Magic, and More

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In 2018 something unexpected began happening at the Anthem Libertarian Film Festival (which I direct): a handful of freedom-loving filmmakers inside Iran discovered our festival and began sending us pleas for a fee waiver. Through the magic of the Internet they could share their films with us, but because of Iran’s oppressive currency regulations, they could not send us their submission fee.

Of course we said yes. Every single time.

Soon the handful turned into a deluge. In the past five years we have received nearly 200 submissions from courageous filmmakers who want the world to know their stories. Inspired by their richly textured stories, we began screening a few of them each year. One of them, Tangle, an exquisitely animated eight-minute short narrative about the unrelenting pull of home after war has made emigration unavoidable, was so emotionally evocative that it won our Grand Prize for short films in 2019.

The stories unfold slowly, with a subtle tension that rises to a moment of unexpected resolution.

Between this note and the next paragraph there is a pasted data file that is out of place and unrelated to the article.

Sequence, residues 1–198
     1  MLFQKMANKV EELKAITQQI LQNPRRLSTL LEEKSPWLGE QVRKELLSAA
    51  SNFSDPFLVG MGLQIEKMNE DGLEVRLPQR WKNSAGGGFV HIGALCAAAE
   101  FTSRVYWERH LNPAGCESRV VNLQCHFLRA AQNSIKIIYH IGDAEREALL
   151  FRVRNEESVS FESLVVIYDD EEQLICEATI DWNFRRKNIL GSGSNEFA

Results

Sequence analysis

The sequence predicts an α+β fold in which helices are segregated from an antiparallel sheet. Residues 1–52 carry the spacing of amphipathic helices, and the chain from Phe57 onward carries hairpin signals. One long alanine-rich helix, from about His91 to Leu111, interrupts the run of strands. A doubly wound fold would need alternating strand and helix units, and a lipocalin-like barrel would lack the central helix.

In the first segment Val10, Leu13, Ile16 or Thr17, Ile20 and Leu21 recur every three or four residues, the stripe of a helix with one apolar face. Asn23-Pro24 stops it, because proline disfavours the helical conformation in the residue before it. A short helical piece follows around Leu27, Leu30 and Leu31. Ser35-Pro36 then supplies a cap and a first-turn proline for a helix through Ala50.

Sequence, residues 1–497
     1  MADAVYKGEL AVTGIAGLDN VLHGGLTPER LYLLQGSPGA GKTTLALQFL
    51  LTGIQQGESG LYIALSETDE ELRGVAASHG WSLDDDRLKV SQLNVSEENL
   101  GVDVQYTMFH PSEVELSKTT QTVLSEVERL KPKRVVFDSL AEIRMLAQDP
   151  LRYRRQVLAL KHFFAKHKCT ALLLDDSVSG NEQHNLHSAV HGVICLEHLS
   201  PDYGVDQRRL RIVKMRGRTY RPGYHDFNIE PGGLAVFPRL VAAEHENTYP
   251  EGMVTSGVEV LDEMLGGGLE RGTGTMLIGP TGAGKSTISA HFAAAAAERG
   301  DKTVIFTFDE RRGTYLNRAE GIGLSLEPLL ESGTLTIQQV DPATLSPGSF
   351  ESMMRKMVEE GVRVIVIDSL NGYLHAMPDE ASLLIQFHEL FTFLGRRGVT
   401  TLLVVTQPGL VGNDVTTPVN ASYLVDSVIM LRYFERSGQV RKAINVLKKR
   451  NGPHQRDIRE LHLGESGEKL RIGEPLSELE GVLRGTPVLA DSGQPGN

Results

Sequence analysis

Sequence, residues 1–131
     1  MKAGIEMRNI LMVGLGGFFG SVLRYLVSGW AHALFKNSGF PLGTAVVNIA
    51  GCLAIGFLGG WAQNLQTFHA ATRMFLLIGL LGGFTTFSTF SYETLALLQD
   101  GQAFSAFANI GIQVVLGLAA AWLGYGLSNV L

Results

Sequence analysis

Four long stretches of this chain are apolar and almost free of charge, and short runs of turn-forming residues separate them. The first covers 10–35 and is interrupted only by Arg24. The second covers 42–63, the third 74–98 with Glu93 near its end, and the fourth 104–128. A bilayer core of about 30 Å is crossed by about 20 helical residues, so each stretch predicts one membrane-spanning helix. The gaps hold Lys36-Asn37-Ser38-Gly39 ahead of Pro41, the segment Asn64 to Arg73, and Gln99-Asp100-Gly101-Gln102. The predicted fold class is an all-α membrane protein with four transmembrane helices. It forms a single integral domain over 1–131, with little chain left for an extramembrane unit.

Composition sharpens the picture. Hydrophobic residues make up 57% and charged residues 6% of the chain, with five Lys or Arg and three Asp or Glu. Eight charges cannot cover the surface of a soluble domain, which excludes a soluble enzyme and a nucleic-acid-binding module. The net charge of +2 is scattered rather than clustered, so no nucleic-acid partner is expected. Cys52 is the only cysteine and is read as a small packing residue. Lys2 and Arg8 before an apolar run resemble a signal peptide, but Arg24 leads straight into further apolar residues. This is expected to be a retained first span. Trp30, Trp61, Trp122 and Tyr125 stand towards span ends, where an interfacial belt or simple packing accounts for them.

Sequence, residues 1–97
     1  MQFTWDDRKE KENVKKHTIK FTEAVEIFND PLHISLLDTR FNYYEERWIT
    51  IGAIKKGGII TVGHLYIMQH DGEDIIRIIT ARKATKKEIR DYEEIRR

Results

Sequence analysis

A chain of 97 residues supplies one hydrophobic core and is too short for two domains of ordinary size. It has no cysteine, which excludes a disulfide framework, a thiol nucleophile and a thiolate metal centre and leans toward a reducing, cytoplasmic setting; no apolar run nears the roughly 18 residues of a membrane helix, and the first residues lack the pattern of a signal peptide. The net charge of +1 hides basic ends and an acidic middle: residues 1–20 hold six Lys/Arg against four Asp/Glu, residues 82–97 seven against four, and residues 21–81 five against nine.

These films are so powerful and their artistic quality so good that we decided it was time to create a festival devoted entirely to films from Iran. The Anthem Persian Film Festival premiered March 2–3, 2024. at Chapman University’s Folino Theater and the independent Frida Cinema in nearby Santa Ana to an enthusiastic audience, many of whom were seeing Iranian films for the first time. One filmgoer gushed, “I had no idea Iranian cinema was so good. I am in awe of these films!” We screened 13 powerful films at our inaugural festival, and left the audience begging for more.

What makes Iranian cinema so special? To me, it’s the element of magical realism I find in many Iranian films, along with vivid cinematography, strong storytelling, and mythical allusion. The stories unfold slowly, with a subtle tension that rises to a moment of unexpected resolution. I often use the word “exquisite” to describe them, because that’s what they are.